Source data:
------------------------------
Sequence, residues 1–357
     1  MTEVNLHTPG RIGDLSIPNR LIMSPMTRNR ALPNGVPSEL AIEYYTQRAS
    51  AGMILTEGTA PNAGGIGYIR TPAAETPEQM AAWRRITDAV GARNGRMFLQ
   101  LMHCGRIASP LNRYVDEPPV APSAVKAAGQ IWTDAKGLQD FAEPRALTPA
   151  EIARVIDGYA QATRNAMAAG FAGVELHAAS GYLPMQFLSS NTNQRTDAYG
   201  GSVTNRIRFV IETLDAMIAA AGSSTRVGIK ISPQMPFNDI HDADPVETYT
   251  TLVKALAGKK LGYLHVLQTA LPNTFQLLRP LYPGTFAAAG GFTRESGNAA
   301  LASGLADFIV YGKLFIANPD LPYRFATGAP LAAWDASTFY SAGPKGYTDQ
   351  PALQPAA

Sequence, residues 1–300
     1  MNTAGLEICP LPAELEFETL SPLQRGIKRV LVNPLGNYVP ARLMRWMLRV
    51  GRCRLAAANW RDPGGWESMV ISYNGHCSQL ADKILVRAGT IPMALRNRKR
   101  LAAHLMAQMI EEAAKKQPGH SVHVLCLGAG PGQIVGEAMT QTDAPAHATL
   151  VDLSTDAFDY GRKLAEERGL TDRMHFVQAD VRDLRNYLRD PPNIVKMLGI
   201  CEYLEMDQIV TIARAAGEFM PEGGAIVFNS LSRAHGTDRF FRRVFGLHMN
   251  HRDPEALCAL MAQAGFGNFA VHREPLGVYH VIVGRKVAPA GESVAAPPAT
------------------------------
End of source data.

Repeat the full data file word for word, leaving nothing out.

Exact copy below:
Sequence, residues 1–357
     1  MTEVNLHTPG RIGDLSIPNR LIMSPMTRNR ALPNGVPSEL AIEYYTQRAS
    51  AGMILTEGTA PNAGGIGYIR TPAAETPEQM AAWRRITDAV GARNGRMFLQ
   101  LMHCGRIASP LNRYVDEPPV APSAVKAAGQ IWTDAKGLQD FAEPRALTPA
   151  EIARVIDGYA QATRNAMAAG FAGVELHAAS GYLPMQFLSS NTNQRTDAYG
   201  GSVTNRIRFV IETLDAMIAA AGSSTRVGIK ISPQMPFNDI HDADPVETYT
   251  TLVKALAGKK LGYLHVLQTA LPNTFQLLRP LYPGTFAAAG GFTRESGNAA
   301  LASGLADFIV YGKLFIANPD LPYRFATGAP LAAWDASTFY SAGPKGYTDQ
   351  PALQPAA

Sequence, residues 1–300
     1  MNTAGLEICP LPAELEFETL SPLQRGIKRV LVNPLGNYVP ARLMRWMLRV
    51  GRCRLAAANW RDPGGWESMV ISYNGHCSQL ADKILVRAGT IPMALRNRKR
   101  LAAHLMAQMI EEAAKKQPGH SVHVLCLGAG PGQIVGEAMT QTDAPAHATL
   151  VDLSTDAFDY GRKLAEERGL TDRMHFVQAD VRDLRNYLRD PPNIVKMLGI
   201  CEYLEMDQIV TIARAAGEFM PEGGAIVFNS LSRAHGTDRF FRRVFGLHMN
   251  HRDPEALCAL MAQAGFGNFA VHREPLGVYH VIVGRKVAPA GESVAAPPAT